Exhaust heat from gas turbine 14 is introduced into HRSG 20 via an exhaust duct 52, wherein the exhaust heat is used to convert water supplied from steam turbine condenser 22 into steam for re-admission into steam turbine 16. Specifically, water from condenser 22 is supplied to each multiple pressure level (three in FIGS. 1 & 2). Steam generated in a high pressure section 34 (also called the main steam) is introduced into an inlet or throttle section of steam turbine HP section 28. The temperature and pressure of the steam decreases as it expands through HP section 28 until being directed to the cold reheat piping. The cold reheat piping channels the steam to HRSG 20 wherein additional heat is added using a reheater. This higher energy steam produced, called hot reheat steam, is directed into an inlet of steam turbine IP section 30. Steam temperature and pressure decrease as the steam expands through IP section 30 and is channeled into steam turbine LP section 32. In one embodiment, steam from HRSG low pressure section 38, also called admission steam, is supplied to LP section 32 via admission valve 60. Plant 10 also includes a plurality of bypass piping configured to bypass steam generated in HRSG sections 34, 36, and 38 to condenser 22 during startup conditions, and until steam conditions are suitable for steam turbine admission. Only the LP bypass, via valve 62, is shown in FIGS. 1 and 2. Many variations of multi-pressure combined cycle power systems exist, including, but not limited to, the three pressure reheat systems shown in FIGS. 1 and 2, as well as three pressure non-reheat, two pressure reheat, and two pressure non-reheat cycles, with numerous variations on equipment design and arrangement. The methods described herein are applicable to all of the aforementioned embodiments, provided LP steam can either be admitted to LP turbine 32, as through admission valve 60 (shown in FIGS. 1 and 2), or bypassed such that steam does not enter LP steam turbine 32, as through LP steam bypass valve 62 (shown in FIGS. 1 and 2).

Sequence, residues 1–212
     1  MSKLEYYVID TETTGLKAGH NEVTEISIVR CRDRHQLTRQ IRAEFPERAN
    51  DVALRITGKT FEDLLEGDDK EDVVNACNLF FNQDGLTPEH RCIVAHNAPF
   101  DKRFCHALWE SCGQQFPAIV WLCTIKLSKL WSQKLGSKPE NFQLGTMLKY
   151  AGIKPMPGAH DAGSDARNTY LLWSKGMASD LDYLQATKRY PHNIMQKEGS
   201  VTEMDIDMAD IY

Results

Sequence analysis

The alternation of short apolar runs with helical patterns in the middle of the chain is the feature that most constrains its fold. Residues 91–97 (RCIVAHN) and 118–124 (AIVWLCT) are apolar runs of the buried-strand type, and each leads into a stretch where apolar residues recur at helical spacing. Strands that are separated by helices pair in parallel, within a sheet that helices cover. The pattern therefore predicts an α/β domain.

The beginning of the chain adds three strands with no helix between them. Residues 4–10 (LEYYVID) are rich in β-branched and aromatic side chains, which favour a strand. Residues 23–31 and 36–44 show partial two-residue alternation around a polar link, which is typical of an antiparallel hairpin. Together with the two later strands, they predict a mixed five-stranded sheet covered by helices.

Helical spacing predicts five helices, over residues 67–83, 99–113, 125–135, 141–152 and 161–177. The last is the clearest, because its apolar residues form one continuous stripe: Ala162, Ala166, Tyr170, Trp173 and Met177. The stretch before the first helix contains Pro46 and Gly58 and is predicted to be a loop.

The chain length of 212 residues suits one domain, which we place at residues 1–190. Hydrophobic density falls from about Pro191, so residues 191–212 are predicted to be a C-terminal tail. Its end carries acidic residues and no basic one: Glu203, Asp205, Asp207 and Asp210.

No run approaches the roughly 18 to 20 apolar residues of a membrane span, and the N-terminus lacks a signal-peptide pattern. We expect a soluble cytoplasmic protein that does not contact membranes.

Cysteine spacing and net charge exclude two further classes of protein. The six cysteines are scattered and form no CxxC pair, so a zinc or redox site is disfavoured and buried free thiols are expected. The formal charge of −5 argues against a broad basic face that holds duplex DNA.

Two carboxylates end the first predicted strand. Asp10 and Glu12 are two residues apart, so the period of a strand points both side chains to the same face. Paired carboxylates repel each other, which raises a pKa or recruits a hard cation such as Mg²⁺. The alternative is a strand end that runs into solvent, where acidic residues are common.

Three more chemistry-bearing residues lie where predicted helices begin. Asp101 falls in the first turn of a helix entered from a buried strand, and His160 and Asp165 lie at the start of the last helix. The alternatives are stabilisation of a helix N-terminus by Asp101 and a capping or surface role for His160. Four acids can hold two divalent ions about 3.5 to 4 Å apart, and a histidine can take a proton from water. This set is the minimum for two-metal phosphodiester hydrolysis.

After the steam has passed through LP section 32, the steam exhausts to condenser 22 to be condensed to water. The water is pumped back to HRSG 20 to restart the steam generation cycle again.

FIG. 3 is an exemplary method 100 for measuring the expansion efficiency of a low-pressure steam turbine and includes operating 102 a power plant at a first gas turbine air flow and fuel flow, wherein the power plant includes an HP steam turbine, and an LP steam turbine that accepts LP admission flow via a valve, such as valve 60. Method 100 also includes determining 104 a first shaft output at the first gas turbine inlet air flow and fuel flow, and maintaining 106 steam flows to the HP and IP steam turbines, and bypassing the LP admission steam to a condenser via a bypass valve, such as bypass valve 62. A second shaft output is then determined 108 at the first gas turbine air flow and fuel flow, and an expansion efficiency of LP turbine is determined 110 using the first shaft output and the second shaft output and the measured difference in LP admission flow to the LP steam turbine between method steps 104 and 108.